J. Rawls (1999) The Law of Peoples (Cambridge, MA: Harvard UP)
M. Freeden (1991) Rights (Open University Press)
A. Gewirth (1982) Human Rights (Chicago: University Press)
J. Nickel (2006) Making Sense of Human Rights 2nd edition (Oxford: Blackwell)
T. Pogge (2002) World Poverty and Human Rights (Cambridge: Polity)
B. Orend (2002) Human Rights: Concept & Context (Peterborough, Ont: Broadview)
J. Waldron (1984) Theories of Rights (OUP)
These aren't essential just yet - but I'm sure we'll look at some of them
later in the course...
Today I received an email with the final proofs in PDF format, for any last minute essential corrections. Hopefully these will be few or any, but I also have to complete and sign various forms dealing with copyright, offprints, etc and then fax it all back in the next few days. Looks like the thesis will have to wait another day...
It was nice to be addressed 'Dear Dr/Prof Saunders' though!
Monday, June 25, 2007
Friday, June 22, 2007
Sadly, although this promised much - including Lost Prophets taking on 'Davidian', Soulfly covering 'Beautiful People' and YourCodeNameIs:Milo offering their version of 'Feel Good Hit Of The Summer' - my first impression was that this was very disappointing, with most of the bands opting for very faithful covers. Usually, this merely highlights the fact they're not as good as the originals - something particularly evident in The Automatic's attempt at Faith No More's 'Epic'. Kudos to Lost Prophets for a reasonable, if faithful, stab at a Machine Head classic and Bring Me The Horizon for at least making Slipknot's 'Eyeless' even heavier...
Oh, and for some reason the magazine's love affair with Bullet For My Valentine, Funeral For A Friend and Fightstar continues, all of whom present and correct once again.
Thursday, June 21, 2007
Tuesday, June 19, 2007
Monday, June 18, 2007
Saturday, June 16, 2007
Friday, June 15, 2007
Thursday, June 14, 2007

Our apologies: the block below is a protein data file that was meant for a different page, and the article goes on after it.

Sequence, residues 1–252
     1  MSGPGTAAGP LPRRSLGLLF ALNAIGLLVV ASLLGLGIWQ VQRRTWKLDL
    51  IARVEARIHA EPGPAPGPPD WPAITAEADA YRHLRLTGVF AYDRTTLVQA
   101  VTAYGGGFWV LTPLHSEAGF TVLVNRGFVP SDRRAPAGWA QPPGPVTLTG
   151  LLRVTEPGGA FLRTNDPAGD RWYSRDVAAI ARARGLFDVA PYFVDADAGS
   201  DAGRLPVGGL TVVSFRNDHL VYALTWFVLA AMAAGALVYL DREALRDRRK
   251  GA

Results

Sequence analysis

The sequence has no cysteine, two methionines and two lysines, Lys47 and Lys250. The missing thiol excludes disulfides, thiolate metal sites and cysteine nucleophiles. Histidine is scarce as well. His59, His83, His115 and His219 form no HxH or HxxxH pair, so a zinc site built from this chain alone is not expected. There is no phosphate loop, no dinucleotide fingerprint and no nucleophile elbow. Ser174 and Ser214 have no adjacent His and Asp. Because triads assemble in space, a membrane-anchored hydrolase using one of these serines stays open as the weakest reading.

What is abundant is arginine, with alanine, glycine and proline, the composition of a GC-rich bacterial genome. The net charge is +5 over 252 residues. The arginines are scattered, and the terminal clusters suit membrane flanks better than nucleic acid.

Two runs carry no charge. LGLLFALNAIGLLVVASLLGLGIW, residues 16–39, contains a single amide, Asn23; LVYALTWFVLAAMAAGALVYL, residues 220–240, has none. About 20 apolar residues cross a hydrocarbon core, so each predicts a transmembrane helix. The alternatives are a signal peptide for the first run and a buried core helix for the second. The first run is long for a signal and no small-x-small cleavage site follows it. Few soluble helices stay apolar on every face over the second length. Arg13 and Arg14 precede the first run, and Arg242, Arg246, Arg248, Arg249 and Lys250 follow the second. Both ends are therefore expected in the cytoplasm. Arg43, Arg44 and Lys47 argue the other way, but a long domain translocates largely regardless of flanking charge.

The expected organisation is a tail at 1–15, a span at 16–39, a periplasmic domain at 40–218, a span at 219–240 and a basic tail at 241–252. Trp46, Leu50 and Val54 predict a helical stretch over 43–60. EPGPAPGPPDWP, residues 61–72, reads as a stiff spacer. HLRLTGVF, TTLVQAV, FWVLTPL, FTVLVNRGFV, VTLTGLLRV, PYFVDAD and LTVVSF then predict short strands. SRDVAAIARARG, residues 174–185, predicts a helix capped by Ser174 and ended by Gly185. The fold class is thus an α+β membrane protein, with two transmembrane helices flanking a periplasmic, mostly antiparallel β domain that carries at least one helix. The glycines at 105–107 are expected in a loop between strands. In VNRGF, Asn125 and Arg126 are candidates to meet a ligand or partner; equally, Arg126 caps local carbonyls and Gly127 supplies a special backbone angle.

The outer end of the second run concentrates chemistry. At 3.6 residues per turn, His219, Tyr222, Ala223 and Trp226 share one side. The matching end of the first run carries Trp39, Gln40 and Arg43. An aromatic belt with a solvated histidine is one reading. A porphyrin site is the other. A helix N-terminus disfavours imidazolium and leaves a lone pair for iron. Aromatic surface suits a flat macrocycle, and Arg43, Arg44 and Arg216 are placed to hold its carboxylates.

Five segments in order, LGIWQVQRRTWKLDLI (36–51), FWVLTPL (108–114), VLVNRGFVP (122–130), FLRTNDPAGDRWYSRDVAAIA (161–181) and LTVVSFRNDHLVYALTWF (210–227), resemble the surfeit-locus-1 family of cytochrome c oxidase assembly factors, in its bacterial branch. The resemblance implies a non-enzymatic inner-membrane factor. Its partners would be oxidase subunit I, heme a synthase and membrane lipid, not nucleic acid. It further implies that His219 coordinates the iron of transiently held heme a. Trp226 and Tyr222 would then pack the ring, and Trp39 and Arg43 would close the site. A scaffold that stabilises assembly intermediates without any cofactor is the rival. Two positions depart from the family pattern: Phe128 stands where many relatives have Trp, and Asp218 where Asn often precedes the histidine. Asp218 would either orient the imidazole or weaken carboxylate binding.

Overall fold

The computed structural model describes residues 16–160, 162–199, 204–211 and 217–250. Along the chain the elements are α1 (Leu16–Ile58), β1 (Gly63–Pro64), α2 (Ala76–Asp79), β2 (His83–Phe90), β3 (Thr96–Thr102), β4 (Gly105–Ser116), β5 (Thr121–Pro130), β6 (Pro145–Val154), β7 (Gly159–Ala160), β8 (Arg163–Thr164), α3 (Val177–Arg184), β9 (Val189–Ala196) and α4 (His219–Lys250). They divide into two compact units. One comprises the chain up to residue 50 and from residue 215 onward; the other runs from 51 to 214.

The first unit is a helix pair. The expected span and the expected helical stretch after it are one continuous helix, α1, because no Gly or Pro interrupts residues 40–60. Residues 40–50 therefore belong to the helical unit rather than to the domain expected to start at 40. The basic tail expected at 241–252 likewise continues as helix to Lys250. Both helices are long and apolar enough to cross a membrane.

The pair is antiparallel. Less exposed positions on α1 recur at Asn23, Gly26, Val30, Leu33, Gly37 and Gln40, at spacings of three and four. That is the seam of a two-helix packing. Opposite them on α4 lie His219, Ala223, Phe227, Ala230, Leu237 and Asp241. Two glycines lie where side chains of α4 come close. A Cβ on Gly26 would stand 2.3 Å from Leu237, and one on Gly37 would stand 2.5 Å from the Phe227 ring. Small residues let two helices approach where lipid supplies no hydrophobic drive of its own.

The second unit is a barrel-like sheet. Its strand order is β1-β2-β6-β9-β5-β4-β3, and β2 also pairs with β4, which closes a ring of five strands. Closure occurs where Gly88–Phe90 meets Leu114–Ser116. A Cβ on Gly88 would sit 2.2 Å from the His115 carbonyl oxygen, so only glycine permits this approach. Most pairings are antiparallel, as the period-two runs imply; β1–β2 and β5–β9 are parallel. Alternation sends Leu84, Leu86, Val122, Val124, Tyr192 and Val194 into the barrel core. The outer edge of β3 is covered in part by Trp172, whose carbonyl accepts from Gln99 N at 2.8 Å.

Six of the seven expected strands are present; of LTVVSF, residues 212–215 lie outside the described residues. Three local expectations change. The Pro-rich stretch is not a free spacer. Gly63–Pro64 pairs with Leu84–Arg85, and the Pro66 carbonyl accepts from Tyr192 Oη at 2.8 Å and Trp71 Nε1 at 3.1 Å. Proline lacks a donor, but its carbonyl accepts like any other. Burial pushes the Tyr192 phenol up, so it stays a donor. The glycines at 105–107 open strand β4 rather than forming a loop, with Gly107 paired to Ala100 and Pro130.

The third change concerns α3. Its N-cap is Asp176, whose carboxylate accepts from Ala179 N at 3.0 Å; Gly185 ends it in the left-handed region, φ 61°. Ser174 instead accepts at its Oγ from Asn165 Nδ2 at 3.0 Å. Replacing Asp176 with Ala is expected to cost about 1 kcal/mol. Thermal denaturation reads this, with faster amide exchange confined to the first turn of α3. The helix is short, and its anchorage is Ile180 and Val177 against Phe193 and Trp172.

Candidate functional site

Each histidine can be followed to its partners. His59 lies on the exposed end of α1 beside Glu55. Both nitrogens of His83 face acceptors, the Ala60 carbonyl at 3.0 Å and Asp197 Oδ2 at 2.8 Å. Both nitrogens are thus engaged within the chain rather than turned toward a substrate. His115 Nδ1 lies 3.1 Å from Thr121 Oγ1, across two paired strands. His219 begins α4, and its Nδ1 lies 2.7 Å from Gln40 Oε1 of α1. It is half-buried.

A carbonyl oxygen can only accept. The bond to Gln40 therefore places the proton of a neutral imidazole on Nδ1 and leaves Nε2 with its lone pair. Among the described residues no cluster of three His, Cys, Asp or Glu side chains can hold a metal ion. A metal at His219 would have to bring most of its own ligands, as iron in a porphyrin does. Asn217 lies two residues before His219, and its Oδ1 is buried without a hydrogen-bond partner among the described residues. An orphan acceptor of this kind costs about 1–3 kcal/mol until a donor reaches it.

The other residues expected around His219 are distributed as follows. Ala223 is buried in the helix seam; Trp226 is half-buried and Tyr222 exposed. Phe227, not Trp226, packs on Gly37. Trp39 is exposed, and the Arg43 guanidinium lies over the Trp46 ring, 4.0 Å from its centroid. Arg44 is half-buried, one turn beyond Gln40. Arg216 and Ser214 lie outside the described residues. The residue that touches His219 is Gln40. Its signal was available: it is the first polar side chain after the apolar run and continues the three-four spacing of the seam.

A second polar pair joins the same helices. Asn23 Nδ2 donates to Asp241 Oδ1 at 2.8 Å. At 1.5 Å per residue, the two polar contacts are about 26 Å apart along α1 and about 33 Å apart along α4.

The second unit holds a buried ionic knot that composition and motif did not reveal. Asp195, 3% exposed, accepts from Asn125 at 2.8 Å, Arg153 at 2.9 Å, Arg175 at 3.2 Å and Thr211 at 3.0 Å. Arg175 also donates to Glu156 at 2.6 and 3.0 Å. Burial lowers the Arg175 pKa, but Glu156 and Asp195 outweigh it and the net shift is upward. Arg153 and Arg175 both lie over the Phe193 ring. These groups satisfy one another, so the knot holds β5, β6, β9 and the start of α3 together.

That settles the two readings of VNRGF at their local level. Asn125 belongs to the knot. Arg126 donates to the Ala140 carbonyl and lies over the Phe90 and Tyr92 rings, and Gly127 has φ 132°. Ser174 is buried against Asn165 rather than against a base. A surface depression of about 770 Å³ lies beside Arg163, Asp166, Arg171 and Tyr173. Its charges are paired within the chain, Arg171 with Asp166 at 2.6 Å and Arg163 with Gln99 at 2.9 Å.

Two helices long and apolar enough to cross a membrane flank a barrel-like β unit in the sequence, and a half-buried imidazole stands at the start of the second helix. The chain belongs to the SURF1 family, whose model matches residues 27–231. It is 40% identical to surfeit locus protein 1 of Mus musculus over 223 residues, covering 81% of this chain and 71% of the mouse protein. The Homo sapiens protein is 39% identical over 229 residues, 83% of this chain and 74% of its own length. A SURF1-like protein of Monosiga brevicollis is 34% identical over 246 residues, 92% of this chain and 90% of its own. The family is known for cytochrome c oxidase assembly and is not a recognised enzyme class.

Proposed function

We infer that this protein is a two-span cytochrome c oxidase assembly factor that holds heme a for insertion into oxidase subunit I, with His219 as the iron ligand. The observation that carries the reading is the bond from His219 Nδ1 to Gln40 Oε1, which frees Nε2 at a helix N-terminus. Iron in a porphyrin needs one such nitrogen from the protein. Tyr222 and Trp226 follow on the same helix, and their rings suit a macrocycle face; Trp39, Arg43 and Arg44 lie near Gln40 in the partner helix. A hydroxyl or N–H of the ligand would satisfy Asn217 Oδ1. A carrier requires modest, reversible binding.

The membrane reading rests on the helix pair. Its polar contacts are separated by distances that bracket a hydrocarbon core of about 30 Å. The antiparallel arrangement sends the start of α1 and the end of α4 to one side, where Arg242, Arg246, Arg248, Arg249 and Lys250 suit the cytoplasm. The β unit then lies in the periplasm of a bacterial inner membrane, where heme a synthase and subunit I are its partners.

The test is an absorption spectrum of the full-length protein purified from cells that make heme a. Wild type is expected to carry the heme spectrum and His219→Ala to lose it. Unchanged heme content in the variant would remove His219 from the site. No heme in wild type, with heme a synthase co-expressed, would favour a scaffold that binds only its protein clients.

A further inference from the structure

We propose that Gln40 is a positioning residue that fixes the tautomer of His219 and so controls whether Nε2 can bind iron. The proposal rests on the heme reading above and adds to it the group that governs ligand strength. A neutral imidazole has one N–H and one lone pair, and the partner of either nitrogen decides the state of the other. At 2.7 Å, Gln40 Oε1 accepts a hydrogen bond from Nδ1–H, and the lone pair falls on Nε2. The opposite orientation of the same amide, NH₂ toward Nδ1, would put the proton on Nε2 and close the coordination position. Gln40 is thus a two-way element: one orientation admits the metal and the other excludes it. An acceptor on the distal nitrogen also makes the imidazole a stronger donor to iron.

I'd signed in for high table in Jesus, which was the last chance for me, Leigh, Steve and Rhiannon. Even though there were seven of us altogether, we ate in the SCR rather than the hall, which is often nicer (it's easier to talk to people round a small table than lined up along one side of a big one), but slightly disappointing that twice this week I failed to get my last meal on the actual high table.
After dinner, I headed up to Milan's post-exam BBQ. I was disappointed to find I'd missed a game of football, and being stuffed from crisps at the earlier party before high table I didn't eat anything. Nonetheless it was and enjoyable time, and we hung around talking in his very nice garden until around midnight, at which point someone suggested going on to Baby Love and I decided to make an exit.
Wednesday, June 13, 2007
Unfortunately, we couldn't stop too long as we went to see Jay Wallace give the snappily-titled Dasturzada Dr Jal Pavry Memorial Lecture on The Deontic Structure of Morality (paper here). Too be honest, I wasn't too impressed, but then I'm not sure I followed too well - I wasn't clear what this deontic structure was, or the importance of the fact that some of his examples of discretion seemed to be self-regarding cases. It became clear during the questions that whatever his aim was it was rather minimal in any case.
I'd been thinking I hadn't been out to dinner much this term, not with the moral philosophy seminar or political theory research seminar, nor with Peter Singer or the Nuffield seminar. There was a dinner with Jay Wallace, but Jonas, Brian and I went back to Brasenose and caught the end of the party then went to Zizzi's for dinner.
Sunday, June 10, 2007
Tuesday, June 05, 2007
Saturday, June 02, 2007
I didn't know many people there, but it was quite a nice time. Possible highlight was being introduced to someone by Rachele saying something along the lines of 'Ben, this guy knows what that says on your t-shirt [Cyclefly] and likes them. Sometimes he wears t-shirts like you too, but today he's dressed normally'!
Luckily my Tesco veggie burgers also barbecued fine, even from slightly frozen - unlike Dunlaith's Indian quarter pounders, which only fell apart even more than under the grill, and consequently ended up uneaten.
Friday, June 01, 2007
Gerrard was England's best player in a holding midfield role, while Lampard was poor once more on the international stage as the attacking force. The balance, at least, looked better, but this was more a tribute to Gerrard's brilliance and adaptability than signs of a genuine, workable partnership between the pair. Once Owen Hargreaves is fit... [McLaren] should drop Lampard, give Gerrard the attacking role, and use Hargreaves as the holder... not for the first time, Gerrard emerged as England's best player once the effect of the glitz and the flashlights had worn off.
I couldn't say it better myself, and it really is about time McLaren realised it too.
My team for Estonia (based on who's fit):
Carragher, King, Terry, Bridge
Beckham, Gerrard, Carrick, J Cole
With one of Dyer, Bentley or Defoe added in some kind of attacking midfield/striker role...